(d) The practical (rational) necessity of choosing between order and chance; and the fact that reason is "informed " and "ensouled " only by order, law.f

(e) Even on the development theory, a sufficient ground or source for the development must be assumed—the law of Ground and Consequence.

(/) The undeniable idea and law of motion, change, and a Primum Mobile, as in Aristotle.

* Under this, too, the argument from design. See Mill's Concessions, and even Comte's.

f The knowledge of Reason consists of the vision (intuition) of the absolute Idea in the beginning—of the absolute Ideal at the end. Herein, if anywhere, lies man's intellectual likeness to God and the prepledge of his immortality. Gazing with open eye upon the Infinite and Eternal, full of awe but full of knowledge (and of love), constitutes the fullness of our being. The idea of Pure Being, of an Infinite Kosmos, is the object of profound wonder to every great thinker or sage. This is evident in all the schools from East to West, and the sentiment underlies all our scientific researches to day. It is also the elemental idea of the Christian "new-birth"—the "new simple idea " of Edwards—yet here more concrete, viz., the knowledge of God face to face—the sense of the Supreme Reality. It is a perpetual possession of the religious mind, avouched by all experience, and of it no scepticism can rob the believer. And more than this: the glory of God shines in the face of Jesus Christ our Lord—the knowledge of God Incarnate is real knowledge.

As man must think under these conditions, and as the conditions presuppose a Supernatural Power— so it follows that the Supernatural is a Necessity of Thought.

It may be added that as all truth is the conformity between thought and being (which conformity is ascertained by a variety of inter-measurings), so what is necessary to our thought in the supernatural is attested, and becomes the object of new conviction, by our examination of it under different points of view and different relations.

What is truth? How do we reach certainty?

There is—being.

There is—thought.

As is thought so is being—as is being so is thought; the equation of the two, duly ascertained, gives certainty, constitutes truth.

We find that whatever is necessary to thought in the sphere of the natural has its correspondent reality in being; whatever is necessary to thought in the supernatural has a similar reality, as we should justly infer; and testing the supernatural as we do the natural (not by the same tests but by real tests), we find all the signs of the equation between being and thought, and arrive at truth, at certainty.

3. The reality of the supernatural element is confirmed by the history of thought in all the schools of philosophical speculation.

This statement applies not only to all the ancient and accredited systems and schools, but also—and in a marked way—to the most modern schools of antitheistic and even materialistic speculation.

The Supernatural is in them all more or less—expelled with a fork, it ever forces itself back.

The law of gravitation might seem to be defied when a column of water is thrown up into the air— until it all flows back again to its source, and it is evident that the same law governed the discharge and the return, that the law was served by the seeming violation. And so the very necessities of thought which seemed to lead to a denial of the Supernatural and the Eternal bring it back again in some other form, as resistlessly as the air rushes in to fill a vacuum.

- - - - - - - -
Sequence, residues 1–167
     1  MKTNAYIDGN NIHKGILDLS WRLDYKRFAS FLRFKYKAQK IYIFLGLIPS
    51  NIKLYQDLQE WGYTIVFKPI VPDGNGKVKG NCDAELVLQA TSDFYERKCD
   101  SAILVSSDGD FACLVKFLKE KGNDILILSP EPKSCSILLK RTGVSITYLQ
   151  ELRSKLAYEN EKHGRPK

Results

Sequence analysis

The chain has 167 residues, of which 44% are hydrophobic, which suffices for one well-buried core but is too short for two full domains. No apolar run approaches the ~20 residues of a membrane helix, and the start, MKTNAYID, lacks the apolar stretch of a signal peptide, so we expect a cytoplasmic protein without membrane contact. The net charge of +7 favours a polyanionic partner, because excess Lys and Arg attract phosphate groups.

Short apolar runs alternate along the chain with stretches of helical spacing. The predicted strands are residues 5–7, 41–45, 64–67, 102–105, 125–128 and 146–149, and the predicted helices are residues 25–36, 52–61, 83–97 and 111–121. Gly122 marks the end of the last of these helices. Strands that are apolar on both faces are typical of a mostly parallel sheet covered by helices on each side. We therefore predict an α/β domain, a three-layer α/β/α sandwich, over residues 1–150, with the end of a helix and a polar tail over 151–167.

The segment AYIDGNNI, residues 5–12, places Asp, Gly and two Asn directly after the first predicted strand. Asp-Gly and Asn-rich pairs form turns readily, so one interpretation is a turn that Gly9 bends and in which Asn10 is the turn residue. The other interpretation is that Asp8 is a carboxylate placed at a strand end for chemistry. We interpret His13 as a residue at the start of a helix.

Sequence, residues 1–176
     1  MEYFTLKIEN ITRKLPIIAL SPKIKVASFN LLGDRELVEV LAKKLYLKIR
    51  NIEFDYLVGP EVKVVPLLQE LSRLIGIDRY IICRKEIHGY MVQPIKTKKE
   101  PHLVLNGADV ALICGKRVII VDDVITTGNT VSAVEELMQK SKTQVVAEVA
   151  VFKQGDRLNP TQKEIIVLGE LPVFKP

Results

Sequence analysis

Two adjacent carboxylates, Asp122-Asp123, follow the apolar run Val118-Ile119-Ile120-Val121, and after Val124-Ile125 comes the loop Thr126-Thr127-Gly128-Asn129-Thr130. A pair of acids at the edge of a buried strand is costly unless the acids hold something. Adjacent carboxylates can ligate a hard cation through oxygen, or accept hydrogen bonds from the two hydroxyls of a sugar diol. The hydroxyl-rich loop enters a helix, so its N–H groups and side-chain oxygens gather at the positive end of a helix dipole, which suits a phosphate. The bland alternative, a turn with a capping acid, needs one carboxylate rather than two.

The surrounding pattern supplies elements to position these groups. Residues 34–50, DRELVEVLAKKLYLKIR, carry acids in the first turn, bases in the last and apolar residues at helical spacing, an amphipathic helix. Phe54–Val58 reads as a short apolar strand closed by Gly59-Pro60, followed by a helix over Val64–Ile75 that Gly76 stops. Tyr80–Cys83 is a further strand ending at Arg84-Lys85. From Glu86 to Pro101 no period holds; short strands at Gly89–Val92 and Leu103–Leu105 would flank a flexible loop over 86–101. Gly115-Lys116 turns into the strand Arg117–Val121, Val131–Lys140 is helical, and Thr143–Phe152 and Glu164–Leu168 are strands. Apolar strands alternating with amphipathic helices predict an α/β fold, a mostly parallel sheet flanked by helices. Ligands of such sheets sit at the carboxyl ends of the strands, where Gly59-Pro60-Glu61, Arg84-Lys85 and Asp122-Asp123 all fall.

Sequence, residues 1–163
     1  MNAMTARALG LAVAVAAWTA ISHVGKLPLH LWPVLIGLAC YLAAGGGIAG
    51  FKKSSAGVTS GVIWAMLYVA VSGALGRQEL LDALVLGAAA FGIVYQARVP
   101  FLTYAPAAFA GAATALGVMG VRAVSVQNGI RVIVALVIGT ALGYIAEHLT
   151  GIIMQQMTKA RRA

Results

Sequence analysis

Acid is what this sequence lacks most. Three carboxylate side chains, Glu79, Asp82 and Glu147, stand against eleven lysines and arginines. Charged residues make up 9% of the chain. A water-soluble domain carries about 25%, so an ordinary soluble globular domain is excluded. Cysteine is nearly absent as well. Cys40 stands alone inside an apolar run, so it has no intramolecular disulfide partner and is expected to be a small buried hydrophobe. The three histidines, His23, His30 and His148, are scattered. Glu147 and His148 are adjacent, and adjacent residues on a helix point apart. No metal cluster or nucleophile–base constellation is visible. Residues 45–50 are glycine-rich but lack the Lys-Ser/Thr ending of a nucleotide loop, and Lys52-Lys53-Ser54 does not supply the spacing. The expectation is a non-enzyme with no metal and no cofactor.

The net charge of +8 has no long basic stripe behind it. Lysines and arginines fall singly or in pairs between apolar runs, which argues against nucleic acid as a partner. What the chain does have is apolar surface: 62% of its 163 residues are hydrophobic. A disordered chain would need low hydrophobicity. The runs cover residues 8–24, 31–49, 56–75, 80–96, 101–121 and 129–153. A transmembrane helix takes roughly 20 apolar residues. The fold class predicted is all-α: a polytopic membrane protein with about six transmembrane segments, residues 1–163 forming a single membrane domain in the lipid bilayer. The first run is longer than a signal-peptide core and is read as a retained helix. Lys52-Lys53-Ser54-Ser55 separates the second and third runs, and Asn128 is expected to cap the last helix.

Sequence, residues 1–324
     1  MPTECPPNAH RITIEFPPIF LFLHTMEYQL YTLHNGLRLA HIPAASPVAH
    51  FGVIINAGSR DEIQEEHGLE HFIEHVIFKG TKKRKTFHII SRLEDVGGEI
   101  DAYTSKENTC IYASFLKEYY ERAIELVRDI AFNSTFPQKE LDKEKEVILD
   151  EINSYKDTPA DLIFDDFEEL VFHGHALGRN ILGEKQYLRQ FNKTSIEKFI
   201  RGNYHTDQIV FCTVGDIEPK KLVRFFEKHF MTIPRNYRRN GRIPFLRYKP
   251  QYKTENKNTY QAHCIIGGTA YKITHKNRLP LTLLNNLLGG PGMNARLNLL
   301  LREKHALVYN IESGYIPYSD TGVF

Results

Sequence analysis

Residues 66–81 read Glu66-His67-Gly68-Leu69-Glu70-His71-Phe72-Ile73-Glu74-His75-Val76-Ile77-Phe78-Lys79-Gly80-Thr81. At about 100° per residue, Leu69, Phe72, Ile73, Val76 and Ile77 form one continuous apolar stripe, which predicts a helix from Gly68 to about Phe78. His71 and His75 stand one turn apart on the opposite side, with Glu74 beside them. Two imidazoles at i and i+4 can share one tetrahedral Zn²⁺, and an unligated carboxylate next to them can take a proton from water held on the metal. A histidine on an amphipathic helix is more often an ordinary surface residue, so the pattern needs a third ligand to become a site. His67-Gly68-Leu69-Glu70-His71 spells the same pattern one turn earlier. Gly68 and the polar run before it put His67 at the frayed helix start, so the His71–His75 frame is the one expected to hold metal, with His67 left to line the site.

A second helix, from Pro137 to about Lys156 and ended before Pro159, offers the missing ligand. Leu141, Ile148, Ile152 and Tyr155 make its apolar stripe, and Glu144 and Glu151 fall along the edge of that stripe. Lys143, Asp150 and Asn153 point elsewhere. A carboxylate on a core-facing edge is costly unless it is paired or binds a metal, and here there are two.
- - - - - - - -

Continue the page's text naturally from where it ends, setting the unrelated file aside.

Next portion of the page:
Mr. J. S. Mill, in a remarkable passage in his Three Essays,* says: "Science contains nothing repugnant to the position that every event which takes place results from a specific volition of the presiding power, provided that power adheres in its particular volition to general laws laid down by itself."

Elsewhere f he says: "One only form of belief in the supernatural, one only theory respecting the origin and government of the universe, starts wholly clear, both of intellectual contradiction and of moral obliquity. It is that which, resigning irrevocably the idea of an omnipotent Creator, regards nature and life, not as the expression throughout of the moral character and purpose of the Deity, but as the product of a struggle between continuing goodness and an intractable material, as was believed by Plato, or a principle of evil, as was the doctrine of the Manichaeans."

* Posthumous Papers, 136.

f Essays on Religion, pp. 116, 117.

Herbert Spencer says: "That which persists unchanging in quantity, but ever changing in form under these sensible appearances which the universe presents to us, transcends human knowledge and conception; is an unknown and unknowable power which we are obliged to recognize as without limit in space, and without beginning or end in time.

"The sincere philosopher alone can know how high —we say not above human knowledge, but above human conception—is the universal power, whereof nature, life, thought, are manifestations.*

"Our knowledge of noumenal existence has a certainty which our knowledge of phenomenal existence cannot approach; in other words, in the view of logic as well as of common sense, realism is the only rational thesis; all the others are doomed to fall." f

Of Matter and Spirit, Spencer says: % "The one no less than the other is to be regarded as but a sign of the Unknown Reality which underlies both."